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20

Grey Shrike-thrush

(Colluricincla harmonica)
Alternate name(s): "Grey Thrush", "Brown Shrike-thrush", "Buff-bellied Shrike-thrush", "Harmonious Thrush", "Native Thrush", "Whistling Shrike-thrush", "Whistling Dick", "Pluff", "Mourner"
Aboriginal name(s): Race "harmonica": "dharruwii" [yuwaalaraay];
Race "rufiventris": "koodelong" (WA)

Size: 22-25 cm
Weight: 63 g (average)

Similar species

Description     Classification     Distribution     Sightings     Photos     Breeding     Nest     Eggs     Behaviour     Food     Call/s

Physical description

Click here for a physical description

Taxonomy, classification

See Grey Shrikethrush at Wikipedia .

Click here for classification information

Range, habitat, finding this species

Click here for information on habitat and range

Sightings

Click here for sighting information

Photos

Not the photos you want? Or are you after even better quality? Have a look here .

Race "harmonica"

ADULT

MALE

Frontal view of a male Grey Shrike-thrush; note the white patches in front of the eyes characterising this bird as a male (photo courtesy of A. Ross-Taylor)
[Highland Park, Gold Coast, QLD, May 2014]

Frontal view of a male Grey Shrike-thrush
[Near Bugilbone, NSW, May 2017]

Close-up near-frontal view of a male Grey Shrike-thrush
[Dorrigo NP, NSW, August 2015]

Close-up lateral view of a male Grey Shrike-thrush
[Dorrigo NP, NSW, August 2015]

Close-up lateral view of a male Grey Shrike-thrush
[Dorrigo NP, NSW, August 2015]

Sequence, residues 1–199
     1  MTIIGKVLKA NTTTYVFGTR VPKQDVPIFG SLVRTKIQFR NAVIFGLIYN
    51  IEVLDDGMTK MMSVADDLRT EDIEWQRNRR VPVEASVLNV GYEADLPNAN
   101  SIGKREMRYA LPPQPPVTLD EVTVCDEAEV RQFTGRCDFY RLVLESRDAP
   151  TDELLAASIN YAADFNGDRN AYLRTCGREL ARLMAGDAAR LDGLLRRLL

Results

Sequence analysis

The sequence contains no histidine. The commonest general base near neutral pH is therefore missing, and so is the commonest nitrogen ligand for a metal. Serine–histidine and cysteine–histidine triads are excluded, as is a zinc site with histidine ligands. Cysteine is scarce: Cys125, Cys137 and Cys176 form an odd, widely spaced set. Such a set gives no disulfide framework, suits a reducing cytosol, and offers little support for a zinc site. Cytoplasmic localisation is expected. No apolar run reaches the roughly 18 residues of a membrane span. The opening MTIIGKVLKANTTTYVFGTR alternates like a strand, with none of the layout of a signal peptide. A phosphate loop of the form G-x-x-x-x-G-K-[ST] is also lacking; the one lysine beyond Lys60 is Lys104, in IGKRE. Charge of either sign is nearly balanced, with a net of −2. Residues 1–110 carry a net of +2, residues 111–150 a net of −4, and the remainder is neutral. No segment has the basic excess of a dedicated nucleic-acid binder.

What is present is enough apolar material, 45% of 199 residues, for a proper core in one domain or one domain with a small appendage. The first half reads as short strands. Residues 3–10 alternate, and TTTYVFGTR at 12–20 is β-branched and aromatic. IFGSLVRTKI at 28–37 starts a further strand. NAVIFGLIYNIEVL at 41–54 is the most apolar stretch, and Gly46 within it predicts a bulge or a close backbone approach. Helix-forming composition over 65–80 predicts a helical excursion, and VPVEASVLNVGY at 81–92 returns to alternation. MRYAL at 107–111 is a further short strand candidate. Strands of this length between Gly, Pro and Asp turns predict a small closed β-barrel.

Close-up near-dorsal view of a male Grey Shrike-thrush
[Dorrigo NP, NSW, August 2015]

Near-dorsal view of a male Grey Shrike-thrush issuing its call from a vantage point
[Munmorah SCA, NSW, July 2013]

Male, left, and female, right, Grey Shrike-thrushes establishing their territory in a rural garden, where they were nesting at the time (photo courtesy of R. Druce)
[Near Tenterfield, NSW, January 2016]

FEMALE

Full-frontal view of a female Grey Shrike-thrush
[Mt. Kaputar NP, NSW, October 2010]

Lateral portrait of a female Grey Shrike-thrush
[Warrabah NP, NSW, September 2010]

Lateral view of a tame female Grey Shrike-thrush
[Arkaroola, SA, March 2008]

Close-up lateral view of a female Grey Shrike-thrush (photo courtesy of A. Ross-Taylor)
[Highland Park, Gold Coast, QLD, September 2014]

Near-dorsal view of a female Grey Shrike-thrush (photo courtesy of A. Ross-Taylor)
[Highland Park, Gold Coast, QLD, May 2014]

Dorsal view of a female Grey Shrike-thrush (photo courtesy of J. Greaves)
[Penneshaw, Kangaroo Island, SA, March 2016]

Frontal view of a female Grey Shrike-thrush foraging in leaf litter
[Near Barraba, NSW, July 2013]

Near-frontal view of a female Grey Shrike-thrush foraging in leaf litter
[Near Barraba, NSW, July 2013]

Grey Shrike-thrush preening
[February 2012]

"Rotor-head" Grey Shrike-thrush
[September 2010]

IMMATURE/JUVENILE

Near-frontal view of an immature Grey Shrike-thrush; the brown feathers near its eye characterise this bird as an immature bird (photo courtesy of R. Druce)